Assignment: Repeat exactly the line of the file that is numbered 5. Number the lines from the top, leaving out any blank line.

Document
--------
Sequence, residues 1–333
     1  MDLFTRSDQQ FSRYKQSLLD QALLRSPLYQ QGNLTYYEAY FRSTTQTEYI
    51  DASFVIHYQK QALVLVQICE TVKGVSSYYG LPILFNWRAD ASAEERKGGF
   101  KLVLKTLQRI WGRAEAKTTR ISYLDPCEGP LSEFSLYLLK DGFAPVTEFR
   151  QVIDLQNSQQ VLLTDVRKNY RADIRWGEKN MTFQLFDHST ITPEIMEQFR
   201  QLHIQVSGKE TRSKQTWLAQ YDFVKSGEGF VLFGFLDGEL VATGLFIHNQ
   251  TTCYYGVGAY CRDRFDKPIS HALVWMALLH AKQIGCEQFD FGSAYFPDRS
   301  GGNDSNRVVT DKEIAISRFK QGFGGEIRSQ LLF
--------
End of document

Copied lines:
   151  QVIDLQNSQQ VLLTDVRKNY RADIRWGEKN MTFQLFDHST ITPEIMEQFR